There is nothing, after all, so important to individuals as the upright administration of justice. This comes home to every man; life, liberty, reputation, property, all depend on this.-No government does its duty to the people, which does not make ample and stable provision for the exercise of this part of its powers. Nor is it enough, that there are courts which will deal justly with mere private questions. We look to the judicial tribunal for protection against illegal or unconstitutional acts, from whatever quarter they may proceed. The courts of law, independent judges, and enlightened juries, are citadels of popular liberty, as well as temples of private justice. The most essential rights connected with political liberty, are there canvassed, discussed, and maintained; and if it should at any time so happen that these rights should be invaded, there is no remedy but a reliance on the courts, to protect and vindicate them. There is danger, also, that legislative bodies will sometimes pass laws interfering with other private rights, besides those connected with political liberty. Individuals are too apt to apply to the legislative power to interfere with private cases, or private property; and such applications sometimes meet with favor and support. There would be no security, if these interferences were not subject to some subsequent constitutional revision, where all parties could be heard, and justice administered according to standing laws.

These considerations are among those which, in my opinion, render an independent judiciary equally essential to the preservation of private rights and public liberty. I lament the necessity of deciding this question at the present moment; and should hope, if such immediate decision were not demanded, that some modification of this report might prove acceptable to the committee, since, in my judgment, some provision, beyond what exists in the present constitution, is necessary.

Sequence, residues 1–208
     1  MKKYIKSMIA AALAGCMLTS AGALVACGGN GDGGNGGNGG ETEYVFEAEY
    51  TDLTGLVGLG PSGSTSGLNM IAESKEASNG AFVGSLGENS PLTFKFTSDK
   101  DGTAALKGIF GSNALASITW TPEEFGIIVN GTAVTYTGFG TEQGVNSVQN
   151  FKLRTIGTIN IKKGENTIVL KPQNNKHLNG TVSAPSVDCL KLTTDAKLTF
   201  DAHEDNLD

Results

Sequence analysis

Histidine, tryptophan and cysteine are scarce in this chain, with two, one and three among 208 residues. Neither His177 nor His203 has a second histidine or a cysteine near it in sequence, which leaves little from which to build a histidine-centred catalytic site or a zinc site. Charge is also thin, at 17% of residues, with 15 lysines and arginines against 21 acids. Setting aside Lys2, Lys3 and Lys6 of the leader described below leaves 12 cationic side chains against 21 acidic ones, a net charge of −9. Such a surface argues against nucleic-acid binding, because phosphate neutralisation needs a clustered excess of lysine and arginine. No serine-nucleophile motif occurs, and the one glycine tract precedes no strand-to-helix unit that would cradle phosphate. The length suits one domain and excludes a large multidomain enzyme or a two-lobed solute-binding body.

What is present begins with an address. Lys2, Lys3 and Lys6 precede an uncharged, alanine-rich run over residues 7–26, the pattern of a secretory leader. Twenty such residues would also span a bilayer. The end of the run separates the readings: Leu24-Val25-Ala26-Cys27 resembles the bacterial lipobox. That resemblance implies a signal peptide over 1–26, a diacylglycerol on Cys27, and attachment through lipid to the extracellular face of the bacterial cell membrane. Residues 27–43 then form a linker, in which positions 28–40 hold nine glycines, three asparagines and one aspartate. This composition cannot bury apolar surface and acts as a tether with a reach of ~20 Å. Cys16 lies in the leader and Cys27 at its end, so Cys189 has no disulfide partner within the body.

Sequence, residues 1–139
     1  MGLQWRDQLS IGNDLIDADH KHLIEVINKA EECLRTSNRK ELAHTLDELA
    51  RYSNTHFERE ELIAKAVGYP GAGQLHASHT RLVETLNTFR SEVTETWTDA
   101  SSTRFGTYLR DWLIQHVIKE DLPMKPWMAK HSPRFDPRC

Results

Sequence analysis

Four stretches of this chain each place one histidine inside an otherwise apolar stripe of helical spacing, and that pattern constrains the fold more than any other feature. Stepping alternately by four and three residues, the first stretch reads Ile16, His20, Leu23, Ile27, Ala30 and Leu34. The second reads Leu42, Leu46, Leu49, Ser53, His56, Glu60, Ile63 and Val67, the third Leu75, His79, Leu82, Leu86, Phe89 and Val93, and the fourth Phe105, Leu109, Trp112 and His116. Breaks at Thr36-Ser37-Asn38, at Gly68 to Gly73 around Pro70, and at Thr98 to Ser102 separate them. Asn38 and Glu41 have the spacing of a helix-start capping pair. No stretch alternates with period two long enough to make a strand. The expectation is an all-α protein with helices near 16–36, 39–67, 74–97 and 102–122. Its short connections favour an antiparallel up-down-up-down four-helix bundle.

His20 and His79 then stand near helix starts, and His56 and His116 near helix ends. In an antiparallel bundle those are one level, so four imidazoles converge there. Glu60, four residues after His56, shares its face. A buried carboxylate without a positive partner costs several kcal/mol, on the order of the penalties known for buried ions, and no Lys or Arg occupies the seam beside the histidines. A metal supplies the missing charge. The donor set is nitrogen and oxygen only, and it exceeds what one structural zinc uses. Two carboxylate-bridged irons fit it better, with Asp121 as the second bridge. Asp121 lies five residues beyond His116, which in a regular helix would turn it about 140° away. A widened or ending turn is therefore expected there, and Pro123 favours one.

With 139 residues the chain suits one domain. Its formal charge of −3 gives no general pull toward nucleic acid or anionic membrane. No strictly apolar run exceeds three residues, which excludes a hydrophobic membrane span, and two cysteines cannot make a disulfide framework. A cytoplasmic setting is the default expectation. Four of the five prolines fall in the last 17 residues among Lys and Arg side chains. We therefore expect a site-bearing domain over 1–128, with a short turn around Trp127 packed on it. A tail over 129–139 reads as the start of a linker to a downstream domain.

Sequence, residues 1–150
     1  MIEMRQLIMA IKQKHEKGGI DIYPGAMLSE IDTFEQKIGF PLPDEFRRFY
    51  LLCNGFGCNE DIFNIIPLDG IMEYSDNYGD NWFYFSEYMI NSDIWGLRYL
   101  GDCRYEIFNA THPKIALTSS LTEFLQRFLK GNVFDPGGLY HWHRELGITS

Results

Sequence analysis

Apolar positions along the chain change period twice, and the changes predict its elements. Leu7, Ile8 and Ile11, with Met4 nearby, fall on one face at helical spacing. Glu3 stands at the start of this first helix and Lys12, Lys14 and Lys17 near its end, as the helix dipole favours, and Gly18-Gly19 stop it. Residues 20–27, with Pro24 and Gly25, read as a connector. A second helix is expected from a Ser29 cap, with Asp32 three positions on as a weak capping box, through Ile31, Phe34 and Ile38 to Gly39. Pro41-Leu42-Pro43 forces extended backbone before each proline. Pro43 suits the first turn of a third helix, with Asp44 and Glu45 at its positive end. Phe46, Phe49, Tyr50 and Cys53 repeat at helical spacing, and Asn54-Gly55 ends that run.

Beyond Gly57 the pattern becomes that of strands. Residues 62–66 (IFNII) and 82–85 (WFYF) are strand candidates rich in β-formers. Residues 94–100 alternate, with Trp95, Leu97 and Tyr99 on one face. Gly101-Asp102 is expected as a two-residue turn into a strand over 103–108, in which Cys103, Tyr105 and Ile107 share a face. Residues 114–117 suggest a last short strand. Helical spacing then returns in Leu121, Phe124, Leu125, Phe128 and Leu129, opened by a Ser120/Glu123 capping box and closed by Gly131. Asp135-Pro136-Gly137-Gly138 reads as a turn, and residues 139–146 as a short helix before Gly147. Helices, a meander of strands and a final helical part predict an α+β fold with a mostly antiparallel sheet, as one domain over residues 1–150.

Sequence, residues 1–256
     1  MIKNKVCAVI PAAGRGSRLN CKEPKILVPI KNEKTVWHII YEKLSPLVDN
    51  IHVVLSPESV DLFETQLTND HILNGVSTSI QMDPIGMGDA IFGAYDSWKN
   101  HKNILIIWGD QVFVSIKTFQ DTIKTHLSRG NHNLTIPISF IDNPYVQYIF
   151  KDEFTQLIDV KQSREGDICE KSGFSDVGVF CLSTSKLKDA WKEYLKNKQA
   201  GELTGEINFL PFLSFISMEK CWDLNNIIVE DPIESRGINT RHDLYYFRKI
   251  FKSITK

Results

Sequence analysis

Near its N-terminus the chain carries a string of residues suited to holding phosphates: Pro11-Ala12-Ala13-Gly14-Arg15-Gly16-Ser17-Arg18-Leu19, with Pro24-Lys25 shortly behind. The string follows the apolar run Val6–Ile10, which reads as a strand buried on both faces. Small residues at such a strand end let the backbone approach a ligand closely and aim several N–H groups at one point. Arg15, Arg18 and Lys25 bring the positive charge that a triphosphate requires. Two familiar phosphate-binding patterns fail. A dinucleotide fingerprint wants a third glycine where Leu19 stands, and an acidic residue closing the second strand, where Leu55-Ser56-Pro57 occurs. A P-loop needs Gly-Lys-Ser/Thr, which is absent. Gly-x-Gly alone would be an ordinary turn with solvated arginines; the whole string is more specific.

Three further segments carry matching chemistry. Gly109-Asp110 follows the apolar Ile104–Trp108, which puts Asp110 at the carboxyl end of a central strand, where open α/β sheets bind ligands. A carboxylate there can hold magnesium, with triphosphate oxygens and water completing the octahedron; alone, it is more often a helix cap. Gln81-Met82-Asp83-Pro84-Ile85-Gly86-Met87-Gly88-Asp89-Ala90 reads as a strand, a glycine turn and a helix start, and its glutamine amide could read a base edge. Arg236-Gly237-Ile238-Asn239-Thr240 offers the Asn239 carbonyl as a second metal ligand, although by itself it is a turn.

On the 28 January, 1815, the bill to incorporate a bank being under consideration, Mr. Webster moved that it be recommitted to a select committee, with instructions to make the following alterations, to wit:

1. To reduce the capital to twenty-five millions, with liberty to the government to subscribe on its own account, five millions.

2. To strike out the thirteenth section.

3. To strike out so much of said bill as makes it obligatory on the bank to lend money to government.

4. To introduce a section providing, that if the bank do not commence its operations withmonths, from the day of the passing of the act, the charter shall

in the space of

thereby be forfeited.

5. To insert a section allowing interest at the rate of

per cent. on any bill or note of the bank, of which payment shall have been duly demanded, according to its tenor, and refused; and to inflict penalties on any directors who shall issue any bills or notes during any suspension of specie payment at the bank.

6. To provide that the said twenty-five millions of capital stock shall be composed of five millions of specie, and twenty millions of any of the stocks of the United States bearing an interest of six per cent. or of treasury notes.

7. To strike out of the bill that part of it which restrains the bank from selling its stock during the war.

In support of this motion, the following speech was delivered. The motion did not prevail, but the bill itself was rejected the same day on the third reading. Some of the main principles of these instructions were incorporated into the charter of the present bank, when that charter was granted the following year; especially those, which were more particularly designed to insure the payment of the notes of the bank in specie, at all times, on demand.